Court Overturns FCC’s Broadcast Flag Rule

Court yanks down FCC’s broadcast flag (CNET News)

In a stunning victory for hardware makers and television buffs, a federal appeals court has tossed out government rules that would have outlawed many digital TV receivers and tuner cards starting July 1. The U.S. Court of Appeals for the D.C. Circuit ruled Friday that the Federal Communications Commission did not have the authority to prohibit the manufacture of computer and video hardware that doesn’t have copy protection technology known as the “broadcast flag.” […] (Click here for a PDF of the decision.)

Appeals court tosses FCC’s broadcast flag rule (WaPo – Reuters)

A U.S. appeals court on Friday struck down a Federal Communications Commission rule designed to limit people from sending copies of digital television programs over the Internet. The U.S. Court of Appeals for the District of Columbia said the FCC had “exceeded the scope of its delegated authority” with the 2003 rule, which would have required TV set manufacturers to start using new anti-piracy technology by July 1. “We can find nothing in the statute, its legislative history, the applicable case law, or agency practice indicating that Congress meant to provide the sweeping authority the FCC now claims over receiver apparatus,” the three-judge appeals court panel said in its opinion.

FCC officials have said copyright protections were needed to help speed the adoption of digital television, which offers higher-quality signals and broadcasters said they would ask Congress to step in to address the matter. The music industry has been plagued by consumers copying and sharing songs for free over the Internet, violating copyright laws. Hollywood wants to prevent similar problems with its programs as it rolls out more digital content. “Without a ‘broadcast flag,’ consumers may lose access to the very best programming offered on local television,” said National Association of Broadcasters President Edward Fritts. “We will work with Congress to authorize implementation of a broadcast flag…”


Under the FCC rule, programers could attach a code, or flag, to digital broadcasts that would, in most cases, bar consumers from sending unauthorized copies over the Web. The regulation required manufacturers of television sets that receive digital over-the-air broadcast signals to produce sets that can read the digital code. Consumers could record and copy shows but would have been limited from sending them. Opponents complained the rule could raise prices to consumers and would set a bad precedent by allowing broadcasters to dictate how computers and other devices should be built.

While Dan Gilmour pronounces this, “A Win for Fair Use, Consumer Rights,” it appears to be merely a very narrow, technical decision about the FCC’s authority rather than about the rights of people who own software to make copies of it.

Jeff Jarvis argues that the entertainment industry ought to take this opportunity and figure out how to make a profit with it, rather than going back to Congress seeking protection.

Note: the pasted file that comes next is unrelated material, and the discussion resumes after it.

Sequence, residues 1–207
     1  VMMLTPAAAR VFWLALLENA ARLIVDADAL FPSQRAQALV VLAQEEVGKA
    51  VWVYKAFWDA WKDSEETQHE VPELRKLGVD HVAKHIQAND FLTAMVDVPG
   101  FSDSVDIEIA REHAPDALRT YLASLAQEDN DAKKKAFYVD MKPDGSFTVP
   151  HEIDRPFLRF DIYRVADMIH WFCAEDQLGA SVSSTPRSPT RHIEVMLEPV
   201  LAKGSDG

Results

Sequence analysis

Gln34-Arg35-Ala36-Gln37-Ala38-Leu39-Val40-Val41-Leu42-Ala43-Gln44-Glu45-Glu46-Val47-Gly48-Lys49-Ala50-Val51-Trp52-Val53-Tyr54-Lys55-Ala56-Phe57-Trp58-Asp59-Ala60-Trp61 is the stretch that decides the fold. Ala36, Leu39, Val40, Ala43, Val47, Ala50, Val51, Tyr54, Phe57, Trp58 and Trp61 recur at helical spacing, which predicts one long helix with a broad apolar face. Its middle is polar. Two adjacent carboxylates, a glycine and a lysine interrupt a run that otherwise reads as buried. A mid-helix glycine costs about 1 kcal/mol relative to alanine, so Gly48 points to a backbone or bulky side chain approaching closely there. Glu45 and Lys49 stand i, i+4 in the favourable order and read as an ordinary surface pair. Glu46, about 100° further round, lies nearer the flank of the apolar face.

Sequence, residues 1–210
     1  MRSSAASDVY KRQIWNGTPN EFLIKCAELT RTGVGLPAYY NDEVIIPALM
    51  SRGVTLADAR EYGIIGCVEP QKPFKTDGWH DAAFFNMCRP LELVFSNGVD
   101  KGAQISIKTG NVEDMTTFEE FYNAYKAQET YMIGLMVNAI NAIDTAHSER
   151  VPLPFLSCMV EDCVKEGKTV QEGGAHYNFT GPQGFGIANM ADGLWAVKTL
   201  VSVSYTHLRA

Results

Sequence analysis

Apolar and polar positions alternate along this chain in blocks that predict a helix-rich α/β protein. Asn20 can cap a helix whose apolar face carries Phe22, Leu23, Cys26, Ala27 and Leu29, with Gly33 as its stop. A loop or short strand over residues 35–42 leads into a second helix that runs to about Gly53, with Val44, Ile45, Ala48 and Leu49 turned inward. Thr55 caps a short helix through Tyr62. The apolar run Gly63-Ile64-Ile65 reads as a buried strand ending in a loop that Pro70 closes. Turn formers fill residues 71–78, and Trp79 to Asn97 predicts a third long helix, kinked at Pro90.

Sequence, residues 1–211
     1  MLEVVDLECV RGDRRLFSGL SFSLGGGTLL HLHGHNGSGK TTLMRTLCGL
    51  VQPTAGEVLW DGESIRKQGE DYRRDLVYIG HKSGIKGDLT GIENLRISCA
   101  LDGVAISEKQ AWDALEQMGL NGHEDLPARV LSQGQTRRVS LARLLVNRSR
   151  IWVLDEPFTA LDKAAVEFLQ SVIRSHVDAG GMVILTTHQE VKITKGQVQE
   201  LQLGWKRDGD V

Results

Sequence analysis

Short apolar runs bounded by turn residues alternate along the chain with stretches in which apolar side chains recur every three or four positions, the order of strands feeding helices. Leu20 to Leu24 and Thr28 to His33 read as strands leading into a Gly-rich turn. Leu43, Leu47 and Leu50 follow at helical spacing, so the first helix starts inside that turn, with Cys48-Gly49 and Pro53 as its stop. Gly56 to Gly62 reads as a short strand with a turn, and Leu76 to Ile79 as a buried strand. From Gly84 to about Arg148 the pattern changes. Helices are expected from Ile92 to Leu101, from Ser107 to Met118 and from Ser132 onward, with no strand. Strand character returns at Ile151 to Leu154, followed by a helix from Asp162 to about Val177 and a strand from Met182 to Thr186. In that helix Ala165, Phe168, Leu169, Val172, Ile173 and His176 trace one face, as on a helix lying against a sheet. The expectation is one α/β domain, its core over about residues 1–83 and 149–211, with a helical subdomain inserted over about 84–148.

Update: CNET excerpt shortened to comply with their request. WaPo/Reuters excerpt added to fill the void. OTB has no wish to violate Fair Use guidelines, although we often provide lengthy excerpts of straight news reportage since there are usually dozens of essentially identical variants available, thus little “intellectual property” claim exists.

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James Joyner
About James Joyner
James Joyner is Professor and Department Head of Security Studies at Marine Corps University's Command and Staff College. He's a former Army officer and Desert Storm veteran. Views expressed here are his own. Follow James on Twitter @DrJJoyner.


  1. Steve says:

    Jeff Jarvis argues that the entertainment industry ought to take this opportunity and figure out how to make a profit with it, rather than going back to Congress seeking protection.

    Ahh yes, but rent seeking is so much more attractive. You get reduced competition, higher prices and profits and you don’t have to provide as much output. Going Jarvis’ route would entail you know…competition and that means work. So much better to have your pet pols give you market power!

    Lets hear it for activist government! Woohoo!

  2. John Roberts says:


    Thrilled that you read CNET ( and that you appreciate the story enough to link to it. However, I would ask that you not cut and paste so much from the story for use on your site, and perhaps you would edit this post down to a sentence or two of the verbatim report?

    Yes, I appreciate the possible irony of my comment given the context of the story. We love linking (we do it ourselves a fair bit), but our full-text stories are our business. explains our take on this.

    Thanks for reading.

    John Roberts
    CNET product development

  3. James Joyner says:


    Done. I’ve included instead an essentially identical summary of the
    case from the Washington Post, picking from one of the dozens of
    essentially identical summaries of the case linked at GoogleNews.



    James H. Joyner, Jr.
    Outside the Beltway